Tuesday, November 19, 2013

Short- vs. Long-Term Learning

Time slipped away from me over the past 2 weeks. Between a science conference, a cultural symposium, report cards, the start of coaching, proposal deadlines, and the usual busy-ness that comes with teaching/marking/planning/conferencing, this blog (and, sadly, many of my personal extra-curricular activities) have lately fallen to the wayside.

Which is too bad, because with the results of that second unit test 2 weeks ago have come some pretty interesting traits of my class.

Leading up to the test (and you can read the past few blog entries), I was seeing encouraging signs of progress. Students were working through the material better, experiencing more success, and managing their time more appropriately than they did in the first unit. I was really, really looking forward to the results of the test, hoping I’d have the ability to proudly announce: the system is working!

But alas, that was not to be. The average of the test decreased from 60% to 56%, and while I saw everyone move out of the 11%-30% range (hoorah!), there was also NO increase in the number of students getting over 70% (level 3-4 Ontario standard). In fact, I actually gained a student in the 1-10% range over the unit 1 test.

What is going on? Students had the advantage in this unit: they knew what to expect, knew how to navigate the material, had the benefit of learning from their struggles in unit 1, and yet there was very little noticeable improvement in their grades.

(As an aside, it is a completely different topic as to whether or not we should be using numerical grades to judge the amount of learning our students have accomplished. I do so here as it is currently the way in which our education system works. I’ll leave its validity open for debate at another time.)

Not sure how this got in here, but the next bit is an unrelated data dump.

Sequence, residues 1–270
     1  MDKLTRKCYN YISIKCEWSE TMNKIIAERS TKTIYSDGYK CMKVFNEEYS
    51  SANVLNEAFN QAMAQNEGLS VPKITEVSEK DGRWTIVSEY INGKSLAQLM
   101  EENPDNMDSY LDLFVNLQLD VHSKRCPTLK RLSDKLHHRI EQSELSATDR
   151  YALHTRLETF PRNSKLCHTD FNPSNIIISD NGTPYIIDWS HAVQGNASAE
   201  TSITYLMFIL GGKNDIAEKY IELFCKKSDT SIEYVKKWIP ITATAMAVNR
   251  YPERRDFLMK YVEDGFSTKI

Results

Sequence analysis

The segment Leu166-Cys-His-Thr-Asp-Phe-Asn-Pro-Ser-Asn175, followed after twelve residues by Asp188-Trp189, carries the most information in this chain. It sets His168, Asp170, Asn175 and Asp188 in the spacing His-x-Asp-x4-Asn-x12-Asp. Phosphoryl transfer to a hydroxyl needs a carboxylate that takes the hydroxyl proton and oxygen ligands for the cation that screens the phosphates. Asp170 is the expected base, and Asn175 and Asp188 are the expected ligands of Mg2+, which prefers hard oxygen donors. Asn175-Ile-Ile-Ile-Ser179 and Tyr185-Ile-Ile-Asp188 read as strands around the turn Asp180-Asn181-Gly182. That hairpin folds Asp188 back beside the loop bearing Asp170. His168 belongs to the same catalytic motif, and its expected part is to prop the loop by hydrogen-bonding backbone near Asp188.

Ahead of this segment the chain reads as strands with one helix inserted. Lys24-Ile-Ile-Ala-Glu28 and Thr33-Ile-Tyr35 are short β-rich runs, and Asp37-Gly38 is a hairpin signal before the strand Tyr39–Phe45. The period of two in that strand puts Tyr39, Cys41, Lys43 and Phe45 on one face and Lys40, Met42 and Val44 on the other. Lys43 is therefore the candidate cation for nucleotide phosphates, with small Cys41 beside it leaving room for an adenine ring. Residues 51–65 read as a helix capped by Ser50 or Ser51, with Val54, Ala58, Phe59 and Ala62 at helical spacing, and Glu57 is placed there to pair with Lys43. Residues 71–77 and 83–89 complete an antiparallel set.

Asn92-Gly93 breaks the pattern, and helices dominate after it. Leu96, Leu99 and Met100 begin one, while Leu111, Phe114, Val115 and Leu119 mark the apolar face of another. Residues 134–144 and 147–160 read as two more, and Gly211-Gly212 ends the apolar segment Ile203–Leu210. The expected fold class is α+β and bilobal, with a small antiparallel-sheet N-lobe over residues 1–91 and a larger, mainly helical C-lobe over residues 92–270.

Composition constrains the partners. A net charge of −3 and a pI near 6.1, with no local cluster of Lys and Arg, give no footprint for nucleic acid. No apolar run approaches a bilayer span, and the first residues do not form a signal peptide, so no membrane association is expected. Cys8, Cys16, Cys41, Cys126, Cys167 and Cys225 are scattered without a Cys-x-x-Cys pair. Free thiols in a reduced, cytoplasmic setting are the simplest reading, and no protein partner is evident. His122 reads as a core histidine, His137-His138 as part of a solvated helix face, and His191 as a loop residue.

One-on-one conferencing with each student after the test shone a bit of light on what was causing the stagnation. For the most part, those who did not do well on the test did not learn the material thoroughly the first time through, and did not spend quality time reviewing leading up to the test. Both of these, to me, are huge flaws in the implementation of a BYOD course like this.

My students look at the unit and chunk out what they need to do to succeed in the quickest way possible: master the learning goal and PROVE IT on the exit slip, all in one fell swoop. For many, as soon as I complete the mini-lecture, they’re asking for the slip. “Go and practice a bit first,” I tell them. “Make sure you solidify what we just learned and make it stick!” Sometimes they do, most of the time they don’t.

This works well for demonstrating mastery immediately on the exit slip, but then when it comes to the test a few weeks later, they don’t take the time to review, assuming that since they “knew” it at one point in time, they’ll be fine for the test. But they rarely are.